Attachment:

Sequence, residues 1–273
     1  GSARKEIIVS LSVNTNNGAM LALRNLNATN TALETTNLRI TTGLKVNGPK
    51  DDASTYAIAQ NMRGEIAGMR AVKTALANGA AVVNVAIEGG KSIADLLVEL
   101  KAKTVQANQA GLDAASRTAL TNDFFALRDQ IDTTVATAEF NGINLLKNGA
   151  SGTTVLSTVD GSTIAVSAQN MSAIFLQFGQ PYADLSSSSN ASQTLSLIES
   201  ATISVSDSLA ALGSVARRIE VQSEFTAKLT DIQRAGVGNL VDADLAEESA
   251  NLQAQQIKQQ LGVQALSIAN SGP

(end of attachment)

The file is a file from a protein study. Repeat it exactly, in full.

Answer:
Sequence, residues 1–273
     1  GSARKEIIVS LSVNTNNGAM LALRNLNATN TALETTNLRI TTGLKVNGPK
    51  DDASTYAIAQ NMRGEIAGMR AVKTALANGA AVVNVAIEGG KSIADLLVEL
   101  KAKTVQANQA GLDAASRTAL TNDFFALRDQ IDTTVATAEF NGINLLKNGA
   151  SGTTVLSTVD GSTIAVSAQN MSAIFLQFGQ PYADLSSSSN ASQTLSLIES
   201  ATISVSDSLA ALGSVARRIE VQSEFTAKLT DIQRAGVGNL VDADLAEESA
   251  NLQAQQIKQQ LGVQALSIAN SGP